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Granzyme B and Oral Squamous Cell Carcinoma

Granzyme B (GB) is a serine protease that is synthesized by activated cytotoxic T-lymphocytes and natural killer cells; it induces apoptosis of neoplastic cells. When ex­pressed in the tumor micro­environment, GB is considered to be a favorable prognostic factor in various types of cancers in humans. A study by Costa, et al published in Oral Oncol­ogy evaluated the density of GB cells in 55 pa­tients with oral cavity squamous cell carcinoma (OC­SCC) and me­tastatic and nonmetastatic lymph nodes utilizing immunohistochemis­­try. The high density of GB cells demonstrated an association with the high percentage of Bax and annexin V neoplastic cells. Further, the number of peritumoral GB cells was significantly higher in the OCSCC group without lymph node metastasis, when compared with the metastatic OCSCC group. OCSCC pa­tients with a high density of peritumoral GB cells demonstrated a longer survival time when compared with pa­tients with a lower density of these cells. In lymph node tissues, the density of GB cells was significantly higher in nonmetastatic lymph nodes than in me­tastatic lymph nodes. The au­thors suggest that the in­creased expression of GB in the tumor microenvironment of OCSCC and in lymph nodes may have a beneficial effect against neoplastic cells, contributing to apoptosis of these cells and in­creased survival of patients.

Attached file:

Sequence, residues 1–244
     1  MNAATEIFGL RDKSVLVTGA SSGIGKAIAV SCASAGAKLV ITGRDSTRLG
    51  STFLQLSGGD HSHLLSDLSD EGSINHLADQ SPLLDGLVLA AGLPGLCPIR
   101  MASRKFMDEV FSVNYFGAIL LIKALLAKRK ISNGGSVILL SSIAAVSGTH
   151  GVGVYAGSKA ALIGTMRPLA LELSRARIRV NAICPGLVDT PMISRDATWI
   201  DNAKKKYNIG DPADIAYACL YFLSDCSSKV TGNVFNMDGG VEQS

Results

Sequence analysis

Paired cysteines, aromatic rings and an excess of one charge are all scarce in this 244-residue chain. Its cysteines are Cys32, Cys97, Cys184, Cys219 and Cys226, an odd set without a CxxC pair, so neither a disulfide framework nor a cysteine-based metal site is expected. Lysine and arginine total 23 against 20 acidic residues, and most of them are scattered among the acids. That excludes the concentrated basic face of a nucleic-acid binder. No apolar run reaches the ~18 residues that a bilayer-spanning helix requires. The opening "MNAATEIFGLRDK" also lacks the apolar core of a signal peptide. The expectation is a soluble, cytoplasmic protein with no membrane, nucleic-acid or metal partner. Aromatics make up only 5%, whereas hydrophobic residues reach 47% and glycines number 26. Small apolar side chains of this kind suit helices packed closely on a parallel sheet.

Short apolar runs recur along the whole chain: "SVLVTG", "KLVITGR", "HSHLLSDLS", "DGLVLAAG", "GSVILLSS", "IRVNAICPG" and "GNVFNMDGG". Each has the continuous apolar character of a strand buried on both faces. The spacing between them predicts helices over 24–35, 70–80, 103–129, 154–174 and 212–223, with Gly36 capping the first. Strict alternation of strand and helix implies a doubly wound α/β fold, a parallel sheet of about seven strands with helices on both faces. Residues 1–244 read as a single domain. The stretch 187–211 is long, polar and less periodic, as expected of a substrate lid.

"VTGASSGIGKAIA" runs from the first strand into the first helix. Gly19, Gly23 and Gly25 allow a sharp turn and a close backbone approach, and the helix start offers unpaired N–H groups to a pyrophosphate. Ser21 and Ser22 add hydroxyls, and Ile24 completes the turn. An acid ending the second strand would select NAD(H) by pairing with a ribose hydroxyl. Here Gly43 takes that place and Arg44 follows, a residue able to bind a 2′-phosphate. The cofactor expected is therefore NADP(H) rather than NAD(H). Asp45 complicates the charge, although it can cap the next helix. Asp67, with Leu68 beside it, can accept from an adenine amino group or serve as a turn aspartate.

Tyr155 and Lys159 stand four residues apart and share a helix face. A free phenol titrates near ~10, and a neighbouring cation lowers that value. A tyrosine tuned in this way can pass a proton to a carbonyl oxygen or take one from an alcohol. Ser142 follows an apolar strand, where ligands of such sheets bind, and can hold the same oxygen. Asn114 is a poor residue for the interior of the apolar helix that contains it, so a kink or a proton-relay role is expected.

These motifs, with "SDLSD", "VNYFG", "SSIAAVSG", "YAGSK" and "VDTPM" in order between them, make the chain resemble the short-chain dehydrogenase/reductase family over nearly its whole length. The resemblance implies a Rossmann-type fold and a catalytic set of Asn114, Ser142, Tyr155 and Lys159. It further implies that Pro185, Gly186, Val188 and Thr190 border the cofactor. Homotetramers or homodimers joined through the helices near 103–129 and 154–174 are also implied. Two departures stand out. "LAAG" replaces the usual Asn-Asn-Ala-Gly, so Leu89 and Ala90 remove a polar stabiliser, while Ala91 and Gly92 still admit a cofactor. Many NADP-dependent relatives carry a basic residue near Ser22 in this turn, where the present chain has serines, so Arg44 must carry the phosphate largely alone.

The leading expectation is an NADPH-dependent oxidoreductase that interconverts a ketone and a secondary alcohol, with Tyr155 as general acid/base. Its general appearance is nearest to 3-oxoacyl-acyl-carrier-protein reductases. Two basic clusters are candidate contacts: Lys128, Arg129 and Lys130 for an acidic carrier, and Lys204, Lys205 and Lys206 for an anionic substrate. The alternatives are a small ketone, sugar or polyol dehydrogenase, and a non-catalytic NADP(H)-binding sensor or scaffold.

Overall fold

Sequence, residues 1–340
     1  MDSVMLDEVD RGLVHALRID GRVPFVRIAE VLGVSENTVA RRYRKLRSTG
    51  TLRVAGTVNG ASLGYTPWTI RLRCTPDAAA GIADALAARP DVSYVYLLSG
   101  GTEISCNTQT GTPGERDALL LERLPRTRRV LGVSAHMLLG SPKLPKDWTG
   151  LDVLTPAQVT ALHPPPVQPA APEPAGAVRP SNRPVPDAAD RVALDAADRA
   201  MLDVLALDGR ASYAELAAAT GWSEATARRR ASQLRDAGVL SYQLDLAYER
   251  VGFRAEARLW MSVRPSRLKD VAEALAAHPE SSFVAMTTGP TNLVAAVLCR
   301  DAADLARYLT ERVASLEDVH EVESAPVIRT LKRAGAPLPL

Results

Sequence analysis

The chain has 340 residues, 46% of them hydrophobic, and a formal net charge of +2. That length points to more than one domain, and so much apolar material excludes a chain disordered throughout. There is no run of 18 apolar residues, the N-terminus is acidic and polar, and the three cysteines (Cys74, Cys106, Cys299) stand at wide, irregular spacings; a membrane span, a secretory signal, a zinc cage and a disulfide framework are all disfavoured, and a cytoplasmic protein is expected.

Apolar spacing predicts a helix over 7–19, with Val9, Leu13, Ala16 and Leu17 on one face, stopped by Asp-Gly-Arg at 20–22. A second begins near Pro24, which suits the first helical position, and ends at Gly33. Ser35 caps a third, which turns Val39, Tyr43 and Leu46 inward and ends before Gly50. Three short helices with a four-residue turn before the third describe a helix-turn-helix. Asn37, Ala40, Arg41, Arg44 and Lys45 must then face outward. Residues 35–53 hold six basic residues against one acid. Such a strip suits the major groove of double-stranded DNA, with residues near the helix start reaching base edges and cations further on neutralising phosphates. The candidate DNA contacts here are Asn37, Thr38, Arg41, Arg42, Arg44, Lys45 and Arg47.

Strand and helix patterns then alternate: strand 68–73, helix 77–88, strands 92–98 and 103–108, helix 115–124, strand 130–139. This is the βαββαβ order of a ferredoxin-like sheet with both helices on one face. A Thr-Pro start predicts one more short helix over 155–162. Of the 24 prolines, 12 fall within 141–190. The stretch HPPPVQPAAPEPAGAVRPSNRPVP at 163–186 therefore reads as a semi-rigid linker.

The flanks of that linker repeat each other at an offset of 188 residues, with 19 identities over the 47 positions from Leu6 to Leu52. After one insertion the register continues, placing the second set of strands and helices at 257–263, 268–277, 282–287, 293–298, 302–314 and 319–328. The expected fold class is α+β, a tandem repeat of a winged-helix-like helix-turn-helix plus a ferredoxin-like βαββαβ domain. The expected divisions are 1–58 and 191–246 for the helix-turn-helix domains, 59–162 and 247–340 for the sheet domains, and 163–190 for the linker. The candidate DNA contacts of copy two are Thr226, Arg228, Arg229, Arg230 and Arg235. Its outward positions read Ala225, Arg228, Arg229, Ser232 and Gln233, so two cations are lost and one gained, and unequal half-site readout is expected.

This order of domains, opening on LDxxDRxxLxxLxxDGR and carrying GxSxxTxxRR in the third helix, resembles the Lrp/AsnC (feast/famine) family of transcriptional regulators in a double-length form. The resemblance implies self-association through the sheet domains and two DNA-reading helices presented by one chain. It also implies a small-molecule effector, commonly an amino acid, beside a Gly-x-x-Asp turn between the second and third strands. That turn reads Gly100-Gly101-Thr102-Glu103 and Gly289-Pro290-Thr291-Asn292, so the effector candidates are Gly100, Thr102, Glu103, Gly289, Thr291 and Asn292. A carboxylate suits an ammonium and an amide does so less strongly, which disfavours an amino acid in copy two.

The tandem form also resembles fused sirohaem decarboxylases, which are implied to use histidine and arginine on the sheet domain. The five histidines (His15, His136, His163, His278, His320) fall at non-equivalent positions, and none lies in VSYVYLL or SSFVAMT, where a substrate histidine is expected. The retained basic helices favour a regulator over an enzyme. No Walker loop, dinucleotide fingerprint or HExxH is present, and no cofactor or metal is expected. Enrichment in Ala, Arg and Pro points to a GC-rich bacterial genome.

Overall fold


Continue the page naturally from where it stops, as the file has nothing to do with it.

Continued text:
Source: Oral Oncology, published online January 11, 2010, via elsevier.com)

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